Furthermore, the Talmud states that a non-Jew who studies Torah is comparable to the Kohen Gadol /High Priest (Avodah Zara 3A, Bava Kama 38A; this refers to the parts of Torah that apply to him, such as the Seven Noachide Laws and the basics of faith and theology). And, of course, all mankind is equally created "in the image of G-d" (Pirkei Avos 3:14), and Hashem is concerned about all people and all creation. "V'rachamav al kol ma'asav . . . His compassion is upon all of His works" (Tehillim 145:9). R' Yehoshua ben Levi (Bereishis Rabbah 26:2) states on the verse "G-d will wipe away the tears from all faces" (Isaiah 25:8): "This means from the faces of Jews and non-Jews alike."
There are countless quotes of this nature, and we could go on all day, but suffice it to say that the distinction between Jews and non-Jews is often oversimplified. Yes, a distinction exists – but how that distinction is defined often leads to negative consequences.
Generations upon generations – thousands of years! – of persecution, as well as the desire to avoid alien and undesirable influences has caused many Jews to lose track of the universalist side of Judaism. We are products of a galus-mentality that, combined with our inevitable human failings, can develop into subtle (or even overt) racism and disrespect for other human beings. Like many other religious Jews I know, I wish that this was not the case, but unfortunately, too often it is.
However, there always have been and still are many great leaders – for example, Chief Rabbi Jonathan Sacks of England in our generation – who "hear the music" and emphasize the universalistic message of Torah; while sadly, others are tone-deaf. This article on Revach L'Neshama (with no disrespect meant to the Gedolim it mentions) is actually a reflection of this problem.
The late R' Ahron Soloveichik wrote: "From the standpoint of Torah there can be no distinction between one human being or another on the basis of race or color. Any discrimination shown to another human being on account of the color of his or her skin constitutes loathsome barbarity. It must be conceded that the Torah recognizes a distinction between a Jew and Non-Jew. This distinction, however is not based upon race, origin, or color, but rather upon Kedushah, the holiness endowed by having been given and having accepted the Torah, Furthermore, the distinction between Jew and Non-Jew does not involve any concept of inferiority but is based primarily upon the unique and special burdens that are incumbent upon the Jews (Logic of the Heart, Logic of the Mind, Chapter 5, "Civil Rights and the Dignity of Man.") These ideas are stated repeatedly in the works of nineteenth century Rabbi Samson Raphael Hirsch, as well.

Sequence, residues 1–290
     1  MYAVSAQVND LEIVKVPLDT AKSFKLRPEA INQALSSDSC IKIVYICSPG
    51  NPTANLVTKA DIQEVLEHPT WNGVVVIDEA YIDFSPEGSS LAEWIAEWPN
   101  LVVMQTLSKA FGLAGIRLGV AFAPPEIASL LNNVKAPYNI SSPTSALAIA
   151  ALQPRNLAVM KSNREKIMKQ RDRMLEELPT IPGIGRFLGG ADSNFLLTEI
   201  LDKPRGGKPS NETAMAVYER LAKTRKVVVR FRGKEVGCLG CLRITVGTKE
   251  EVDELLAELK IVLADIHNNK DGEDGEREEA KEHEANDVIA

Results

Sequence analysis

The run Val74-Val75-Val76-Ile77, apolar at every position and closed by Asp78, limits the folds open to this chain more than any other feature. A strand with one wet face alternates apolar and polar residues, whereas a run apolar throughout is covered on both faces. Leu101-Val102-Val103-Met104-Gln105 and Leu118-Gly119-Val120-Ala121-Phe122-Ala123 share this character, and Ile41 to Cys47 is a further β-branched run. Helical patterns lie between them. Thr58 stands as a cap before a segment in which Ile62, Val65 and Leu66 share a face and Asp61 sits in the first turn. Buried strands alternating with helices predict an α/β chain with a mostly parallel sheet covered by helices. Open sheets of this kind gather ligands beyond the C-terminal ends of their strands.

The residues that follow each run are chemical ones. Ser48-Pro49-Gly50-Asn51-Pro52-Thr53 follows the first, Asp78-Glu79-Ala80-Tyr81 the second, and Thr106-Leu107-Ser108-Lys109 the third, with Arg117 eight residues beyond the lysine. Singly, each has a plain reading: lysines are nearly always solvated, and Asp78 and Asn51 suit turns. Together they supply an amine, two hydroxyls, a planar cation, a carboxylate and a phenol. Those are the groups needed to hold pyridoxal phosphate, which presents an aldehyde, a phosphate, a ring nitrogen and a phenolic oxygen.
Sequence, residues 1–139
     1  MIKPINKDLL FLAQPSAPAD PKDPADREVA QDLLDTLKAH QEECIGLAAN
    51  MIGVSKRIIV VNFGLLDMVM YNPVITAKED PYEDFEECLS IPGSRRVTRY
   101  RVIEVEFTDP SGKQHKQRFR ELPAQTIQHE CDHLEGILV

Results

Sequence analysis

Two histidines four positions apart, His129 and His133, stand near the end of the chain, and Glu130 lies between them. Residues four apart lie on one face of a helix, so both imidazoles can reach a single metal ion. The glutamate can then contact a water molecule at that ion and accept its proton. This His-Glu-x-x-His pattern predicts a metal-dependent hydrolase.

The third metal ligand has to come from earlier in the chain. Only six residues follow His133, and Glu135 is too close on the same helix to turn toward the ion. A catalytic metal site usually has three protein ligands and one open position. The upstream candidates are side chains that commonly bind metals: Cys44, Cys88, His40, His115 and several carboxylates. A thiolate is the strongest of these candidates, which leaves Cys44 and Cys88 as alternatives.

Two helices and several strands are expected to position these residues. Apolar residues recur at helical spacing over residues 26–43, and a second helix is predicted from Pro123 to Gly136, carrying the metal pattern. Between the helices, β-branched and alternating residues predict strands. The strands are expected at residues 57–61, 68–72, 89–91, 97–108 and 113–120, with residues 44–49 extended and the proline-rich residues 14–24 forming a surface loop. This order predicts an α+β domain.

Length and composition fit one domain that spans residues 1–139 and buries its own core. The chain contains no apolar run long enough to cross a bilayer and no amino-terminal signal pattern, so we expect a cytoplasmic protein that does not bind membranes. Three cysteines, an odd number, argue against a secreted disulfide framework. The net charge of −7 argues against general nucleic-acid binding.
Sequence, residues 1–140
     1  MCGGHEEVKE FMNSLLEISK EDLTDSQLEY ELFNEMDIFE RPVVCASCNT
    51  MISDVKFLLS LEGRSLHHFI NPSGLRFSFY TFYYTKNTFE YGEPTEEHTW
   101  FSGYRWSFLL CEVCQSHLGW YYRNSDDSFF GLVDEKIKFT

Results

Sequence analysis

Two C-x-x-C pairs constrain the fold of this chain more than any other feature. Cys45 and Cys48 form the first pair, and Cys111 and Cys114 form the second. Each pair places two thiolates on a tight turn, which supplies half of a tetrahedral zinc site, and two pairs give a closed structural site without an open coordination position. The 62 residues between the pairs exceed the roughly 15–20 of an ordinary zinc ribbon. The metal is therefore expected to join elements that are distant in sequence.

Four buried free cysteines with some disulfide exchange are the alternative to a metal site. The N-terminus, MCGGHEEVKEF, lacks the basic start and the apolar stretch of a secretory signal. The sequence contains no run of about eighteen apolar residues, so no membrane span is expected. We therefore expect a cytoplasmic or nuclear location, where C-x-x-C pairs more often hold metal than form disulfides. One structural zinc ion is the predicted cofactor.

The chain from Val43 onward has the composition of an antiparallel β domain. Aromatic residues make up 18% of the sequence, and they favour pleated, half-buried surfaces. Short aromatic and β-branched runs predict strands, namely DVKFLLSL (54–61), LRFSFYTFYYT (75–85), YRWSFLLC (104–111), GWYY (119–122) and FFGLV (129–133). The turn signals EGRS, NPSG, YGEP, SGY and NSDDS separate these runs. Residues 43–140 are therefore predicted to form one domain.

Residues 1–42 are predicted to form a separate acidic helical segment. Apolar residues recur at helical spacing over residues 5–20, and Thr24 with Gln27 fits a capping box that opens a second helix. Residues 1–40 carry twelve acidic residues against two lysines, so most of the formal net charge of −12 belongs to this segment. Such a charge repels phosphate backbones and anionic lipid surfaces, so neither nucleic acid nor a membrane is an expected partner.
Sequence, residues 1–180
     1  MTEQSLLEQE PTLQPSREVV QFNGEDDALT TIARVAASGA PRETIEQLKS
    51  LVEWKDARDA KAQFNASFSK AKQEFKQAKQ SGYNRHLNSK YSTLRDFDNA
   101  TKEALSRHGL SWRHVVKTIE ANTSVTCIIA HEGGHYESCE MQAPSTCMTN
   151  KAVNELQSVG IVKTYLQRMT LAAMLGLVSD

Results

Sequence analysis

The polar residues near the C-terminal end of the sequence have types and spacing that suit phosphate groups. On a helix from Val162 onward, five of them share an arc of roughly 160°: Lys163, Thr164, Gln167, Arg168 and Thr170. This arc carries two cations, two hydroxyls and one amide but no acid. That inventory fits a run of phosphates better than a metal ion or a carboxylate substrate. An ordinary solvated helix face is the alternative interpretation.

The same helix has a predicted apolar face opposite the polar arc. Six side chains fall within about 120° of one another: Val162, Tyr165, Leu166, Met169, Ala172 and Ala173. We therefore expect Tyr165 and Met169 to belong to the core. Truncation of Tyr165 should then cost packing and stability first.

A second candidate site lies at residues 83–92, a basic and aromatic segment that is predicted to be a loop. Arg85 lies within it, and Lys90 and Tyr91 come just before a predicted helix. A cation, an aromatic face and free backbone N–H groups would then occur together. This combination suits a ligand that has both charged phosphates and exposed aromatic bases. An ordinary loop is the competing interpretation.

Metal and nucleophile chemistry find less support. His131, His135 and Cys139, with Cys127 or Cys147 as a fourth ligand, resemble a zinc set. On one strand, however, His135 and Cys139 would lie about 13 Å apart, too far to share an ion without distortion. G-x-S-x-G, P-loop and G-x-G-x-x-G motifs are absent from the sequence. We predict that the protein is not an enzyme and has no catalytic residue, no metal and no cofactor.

I will end with a quote from a powerful section of R' Pinchos Eliyohu Horowitz of Vilna, Sefer HaBris (section II, discourse 13): "Our love of humanity should take no exception to any nation or individual. For man was not created for his own sake exclusively; rather, all men exist for the sake of one another. As a sage once said: "The world and all it contains was created for mankind, and within mankind itself, one person was created for the sake of the next, each to benefit the other." Therefore, not only does [love of one's fellow] apply to the Jewish people but to all mankind. We should love all nations and include all peoples in this universal principle, 'the stranger and native son' alike, all who inhabit the earth."
May we soon merit to see the day when all people will serve Hashem as one!